How would that change your access to information?
Do you maintain a web presence? A blog?
How much are you willing (or able) to pay so that everyone has access to your site?
Right now these companies make their money largely from subscribers like you and me tapping into their networks to access content. They don’t also charge people who provide content via other “connections” to get their contact through to you from the other side. Because the law says they can’t.
But that is in danger of changing. Soon.
If you use the internet at all you need to learn about this before it’s too late and you get locked out of content, or if you’re a blogger, you get locked out of potential readers.
Take another hypothetical: What if you live, say in Savannah like me, and you run a blog that is hosted on a computer somewhere on the West Coast. And what if neither you nor the company that owns the computers that host your blog are willing (or able) to pay your internet provider at your home for access through them.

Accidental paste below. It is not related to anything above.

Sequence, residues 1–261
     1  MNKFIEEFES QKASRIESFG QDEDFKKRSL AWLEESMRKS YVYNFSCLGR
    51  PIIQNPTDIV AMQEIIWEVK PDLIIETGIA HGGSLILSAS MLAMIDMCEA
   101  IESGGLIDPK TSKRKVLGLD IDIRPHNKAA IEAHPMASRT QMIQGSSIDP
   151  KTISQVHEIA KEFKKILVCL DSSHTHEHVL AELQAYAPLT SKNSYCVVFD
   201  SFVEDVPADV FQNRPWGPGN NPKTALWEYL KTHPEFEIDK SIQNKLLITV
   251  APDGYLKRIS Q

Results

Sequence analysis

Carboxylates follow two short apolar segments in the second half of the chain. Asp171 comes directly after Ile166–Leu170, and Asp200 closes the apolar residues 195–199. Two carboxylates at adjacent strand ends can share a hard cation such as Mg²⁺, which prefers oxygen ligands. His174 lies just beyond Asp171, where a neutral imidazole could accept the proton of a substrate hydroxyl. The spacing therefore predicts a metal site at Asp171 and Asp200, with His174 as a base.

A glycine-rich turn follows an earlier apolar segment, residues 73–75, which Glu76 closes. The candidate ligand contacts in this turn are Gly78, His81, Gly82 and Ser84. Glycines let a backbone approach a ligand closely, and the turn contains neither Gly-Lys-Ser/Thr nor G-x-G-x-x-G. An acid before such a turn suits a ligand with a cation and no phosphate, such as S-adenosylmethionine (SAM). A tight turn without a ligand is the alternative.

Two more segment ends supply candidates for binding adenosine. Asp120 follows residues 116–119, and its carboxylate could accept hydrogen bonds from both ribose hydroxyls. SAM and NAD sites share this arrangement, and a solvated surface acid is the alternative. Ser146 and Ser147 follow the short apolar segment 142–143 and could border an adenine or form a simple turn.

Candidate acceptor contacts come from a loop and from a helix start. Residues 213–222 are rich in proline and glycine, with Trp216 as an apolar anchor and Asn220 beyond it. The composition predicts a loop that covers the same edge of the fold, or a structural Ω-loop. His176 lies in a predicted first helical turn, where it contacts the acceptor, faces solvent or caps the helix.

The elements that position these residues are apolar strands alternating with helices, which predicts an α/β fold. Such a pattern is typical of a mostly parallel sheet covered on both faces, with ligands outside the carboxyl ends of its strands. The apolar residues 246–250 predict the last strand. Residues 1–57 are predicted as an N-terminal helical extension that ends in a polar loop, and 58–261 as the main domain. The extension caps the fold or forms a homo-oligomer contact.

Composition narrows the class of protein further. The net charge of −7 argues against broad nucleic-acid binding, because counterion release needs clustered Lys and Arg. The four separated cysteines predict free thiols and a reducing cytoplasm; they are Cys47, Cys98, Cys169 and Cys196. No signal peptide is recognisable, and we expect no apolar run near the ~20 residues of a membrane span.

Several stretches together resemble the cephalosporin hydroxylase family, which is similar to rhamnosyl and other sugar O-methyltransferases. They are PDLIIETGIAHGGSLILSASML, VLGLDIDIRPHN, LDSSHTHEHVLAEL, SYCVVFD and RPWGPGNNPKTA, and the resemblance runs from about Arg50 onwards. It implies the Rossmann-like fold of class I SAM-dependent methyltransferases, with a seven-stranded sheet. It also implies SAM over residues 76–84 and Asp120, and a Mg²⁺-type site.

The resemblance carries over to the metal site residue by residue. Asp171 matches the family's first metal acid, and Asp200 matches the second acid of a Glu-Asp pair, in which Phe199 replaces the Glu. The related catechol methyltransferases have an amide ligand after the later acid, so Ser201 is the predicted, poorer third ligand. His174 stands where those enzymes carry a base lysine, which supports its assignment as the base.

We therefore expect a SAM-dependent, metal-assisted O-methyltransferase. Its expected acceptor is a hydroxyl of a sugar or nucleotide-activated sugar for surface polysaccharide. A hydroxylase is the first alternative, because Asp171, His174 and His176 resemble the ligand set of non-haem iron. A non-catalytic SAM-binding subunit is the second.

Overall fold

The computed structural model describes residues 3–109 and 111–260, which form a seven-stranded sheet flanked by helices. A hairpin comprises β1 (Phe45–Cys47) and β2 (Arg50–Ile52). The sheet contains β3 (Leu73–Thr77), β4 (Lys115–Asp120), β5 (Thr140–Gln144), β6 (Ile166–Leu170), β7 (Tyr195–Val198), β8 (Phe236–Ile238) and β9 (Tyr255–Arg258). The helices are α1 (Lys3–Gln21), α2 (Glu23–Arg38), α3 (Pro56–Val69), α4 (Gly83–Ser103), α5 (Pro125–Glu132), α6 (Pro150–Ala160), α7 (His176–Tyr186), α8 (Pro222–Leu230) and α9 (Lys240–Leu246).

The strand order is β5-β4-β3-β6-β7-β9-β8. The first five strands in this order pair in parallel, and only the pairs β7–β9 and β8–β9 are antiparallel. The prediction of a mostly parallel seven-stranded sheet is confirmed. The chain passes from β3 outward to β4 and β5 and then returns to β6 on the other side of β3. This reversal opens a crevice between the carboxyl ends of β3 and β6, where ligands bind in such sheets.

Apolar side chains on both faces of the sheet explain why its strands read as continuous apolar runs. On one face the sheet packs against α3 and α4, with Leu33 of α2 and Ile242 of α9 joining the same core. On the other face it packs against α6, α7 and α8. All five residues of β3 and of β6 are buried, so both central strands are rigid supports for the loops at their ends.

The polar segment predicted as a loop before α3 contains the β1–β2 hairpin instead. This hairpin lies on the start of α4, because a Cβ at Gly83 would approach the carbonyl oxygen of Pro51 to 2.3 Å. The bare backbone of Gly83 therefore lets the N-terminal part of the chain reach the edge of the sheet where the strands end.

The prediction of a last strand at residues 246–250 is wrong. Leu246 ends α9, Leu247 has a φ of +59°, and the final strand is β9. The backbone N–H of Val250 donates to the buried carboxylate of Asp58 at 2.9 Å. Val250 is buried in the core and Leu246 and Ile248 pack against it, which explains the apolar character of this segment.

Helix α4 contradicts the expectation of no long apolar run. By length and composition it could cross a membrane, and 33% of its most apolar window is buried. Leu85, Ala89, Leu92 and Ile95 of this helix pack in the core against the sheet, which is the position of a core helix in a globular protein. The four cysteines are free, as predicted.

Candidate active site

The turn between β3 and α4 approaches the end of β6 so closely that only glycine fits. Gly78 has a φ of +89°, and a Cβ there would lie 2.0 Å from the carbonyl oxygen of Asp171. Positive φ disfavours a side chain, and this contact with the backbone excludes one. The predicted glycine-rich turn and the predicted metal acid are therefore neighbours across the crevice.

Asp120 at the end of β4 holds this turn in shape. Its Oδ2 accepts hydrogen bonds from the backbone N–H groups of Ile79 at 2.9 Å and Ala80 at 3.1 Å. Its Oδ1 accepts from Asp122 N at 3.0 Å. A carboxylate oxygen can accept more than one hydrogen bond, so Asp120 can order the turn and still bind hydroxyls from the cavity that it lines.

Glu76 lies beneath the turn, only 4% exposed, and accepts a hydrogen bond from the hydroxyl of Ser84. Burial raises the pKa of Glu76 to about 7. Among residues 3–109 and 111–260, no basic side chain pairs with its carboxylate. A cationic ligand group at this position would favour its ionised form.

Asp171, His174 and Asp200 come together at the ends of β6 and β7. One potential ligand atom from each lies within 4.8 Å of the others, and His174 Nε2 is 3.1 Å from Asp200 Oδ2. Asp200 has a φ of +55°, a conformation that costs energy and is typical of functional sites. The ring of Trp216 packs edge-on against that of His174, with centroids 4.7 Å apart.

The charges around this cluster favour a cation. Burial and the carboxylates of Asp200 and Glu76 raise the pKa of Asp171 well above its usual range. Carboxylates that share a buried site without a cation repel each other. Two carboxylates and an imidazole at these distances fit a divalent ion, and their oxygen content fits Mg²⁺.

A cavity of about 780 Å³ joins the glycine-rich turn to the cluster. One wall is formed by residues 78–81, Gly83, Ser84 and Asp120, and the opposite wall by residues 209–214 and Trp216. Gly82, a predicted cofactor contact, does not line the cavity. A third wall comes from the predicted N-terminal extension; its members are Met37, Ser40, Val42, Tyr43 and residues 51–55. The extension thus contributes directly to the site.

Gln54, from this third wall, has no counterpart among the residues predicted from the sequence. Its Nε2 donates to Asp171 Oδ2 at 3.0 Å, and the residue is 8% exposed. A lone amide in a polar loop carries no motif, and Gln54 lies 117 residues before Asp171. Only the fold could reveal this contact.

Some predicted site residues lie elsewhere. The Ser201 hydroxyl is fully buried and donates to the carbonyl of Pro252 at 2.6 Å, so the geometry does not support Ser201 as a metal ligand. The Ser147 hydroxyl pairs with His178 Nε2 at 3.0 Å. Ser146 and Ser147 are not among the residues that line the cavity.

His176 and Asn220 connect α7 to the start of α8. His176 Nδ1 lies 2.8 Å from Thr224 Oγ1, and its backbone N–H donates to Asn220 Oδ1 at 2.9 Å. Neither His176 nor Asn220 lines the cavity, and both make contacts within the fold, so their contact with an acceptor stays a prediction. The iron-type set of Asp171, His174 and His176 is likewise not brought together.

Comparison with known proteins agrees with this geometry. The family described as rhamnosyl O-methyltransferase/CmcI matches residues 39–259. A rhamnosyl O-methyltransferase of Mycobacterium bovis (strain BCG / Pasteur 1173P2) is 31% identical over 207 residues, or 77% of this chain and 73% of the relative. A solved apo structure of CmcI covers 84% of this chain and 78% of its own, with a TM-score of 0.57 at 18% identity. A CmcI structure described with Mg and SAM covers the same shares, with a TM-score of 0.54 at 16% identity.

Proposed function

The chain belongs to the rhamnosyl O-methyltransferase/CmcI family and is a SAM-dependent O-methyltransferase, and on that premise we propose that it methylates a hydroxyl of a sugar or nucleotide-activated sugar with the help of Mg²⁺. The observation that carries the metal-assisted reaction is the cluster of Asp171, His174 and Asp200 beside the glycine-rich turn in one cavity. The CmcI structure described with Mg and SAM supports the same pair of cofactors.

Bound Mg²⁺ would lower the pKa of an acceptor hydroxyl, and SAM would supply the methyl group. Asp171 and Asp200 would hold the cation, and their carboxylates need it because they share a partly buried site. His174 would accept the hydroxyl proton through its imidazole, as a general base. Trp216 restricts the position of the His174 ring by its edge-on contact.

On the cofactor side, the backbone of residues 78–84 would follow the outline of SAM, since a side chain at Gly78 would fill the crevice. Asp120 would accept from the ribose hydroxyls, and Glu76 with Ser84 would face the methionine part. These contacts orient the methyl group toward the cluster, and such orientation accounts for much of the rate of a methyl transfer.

You could find yourself in a position where you can’t even access your own web site!
If you think this doesn’t really matter to you because you don’t really use the internet all that much you are exactly wrong. Us little guys will be impacted the most if we loose Net Neutrality. The big companies like Amazon.com will simply ante up and pay the fees. The little people will be left out in the cold.
Get educated. Holler at Congress before it is too late!
Start with Randall Bowman’s great (non-technical) post Threat to the Net.
I first read about Net Neutrality on Liz Strauss’ Successful Blog post Net Neutrality is in Jepardy. Also see Do you trust Congress & AT&T to run the internet?
These posts have links to others where you can see all about this.
If we do nothing we will be the poorer for it in more ways than one.
Update: Visit SaveTheInternet.com for the complete round-up on this issue.